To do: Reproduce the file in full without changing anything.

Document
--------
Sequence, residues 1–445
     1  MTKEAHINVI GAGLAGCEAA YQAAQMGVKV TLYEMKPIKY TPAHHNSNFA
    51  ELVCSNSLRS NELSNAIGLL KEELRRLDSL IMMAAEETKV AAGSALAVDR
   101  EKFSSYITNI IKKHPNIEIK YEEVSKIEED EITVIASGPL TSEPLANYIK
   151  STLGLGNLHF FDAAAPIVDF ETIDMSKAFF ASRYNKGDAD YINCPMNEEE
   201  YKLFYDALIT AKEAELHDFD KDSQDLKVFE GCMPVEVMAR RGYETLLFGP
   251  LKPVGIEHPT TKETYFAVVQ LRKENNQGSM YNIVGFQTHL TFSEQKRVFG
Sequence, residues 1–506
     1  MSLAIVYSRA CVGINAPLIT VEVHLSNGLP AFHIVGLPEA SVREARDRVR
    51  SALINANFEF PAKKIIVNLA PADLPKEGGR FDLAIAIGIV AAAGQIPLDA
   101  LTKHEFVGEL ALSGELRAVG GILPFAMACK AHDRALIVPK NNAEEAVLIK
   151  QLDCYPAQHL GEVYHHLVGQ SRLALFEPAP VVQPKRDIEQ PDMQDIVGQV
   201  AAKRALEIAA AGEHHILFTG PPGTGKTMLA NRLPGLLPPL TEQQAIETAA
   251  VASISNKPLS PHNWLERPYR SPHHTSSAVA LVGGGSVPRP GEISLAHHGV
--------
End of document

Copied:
Sequence, residues 1–445
     1  MTKEAHINVI GAGLAGCEAA YQAAQMGVKV TLYEMKPIKY TPAHHNSNFA
    51  ELVCSNSLRS NELSNAIGLL KEELRRLDSL IMMAAEETKV AAGSALAVDR
   101  EKFSSYITNI IKKHPNIEIK YEEVSKIEED EITVIASGPL TSEPLANYIK
   151  STLGLGNLHF FDAAAPIVDF ETIDMSKAFF ASRYNKGDAD YINCPMNEEE
   201  YKLFYDALIT AKEAELHDFD KDSQDLKVFE GCMPVEVMAR RGYETLLFGP
   251  LKPVGIEHPT TKETYFAVVQ LRKENNQGSM YNIVGFQTHL TFSEQKRVFG
Sequence, residues 1–506
     1  MSLAIVYSRA CVGINAPLIT VEVHLSNGLP AFHIVGLPEA SVREARDRVR
    51  SALINANFEF PAKKIIVNLA PADLPKEGGR FDLAIAIGIV AAAGQIPLDA
   101  LTKHEFVGEL ALSGELRAVG GILPFAMACK AHDRALIVPK NNAEEAVLIK
   151  QLDCYPAQHL GEVYHHLVGQ SRLALFEPAP VVQPKRDIEQ PDMQDIVGQV
   201  AAKRALEIAA AGEHHILFTG PPGTGKTMLA NRLPGLLPPL TEQQAIETAA
   251  VASISNKPLS PHNWLERPYR SPHHTSSAVA LVGGGSVPRP GEISLAHHGV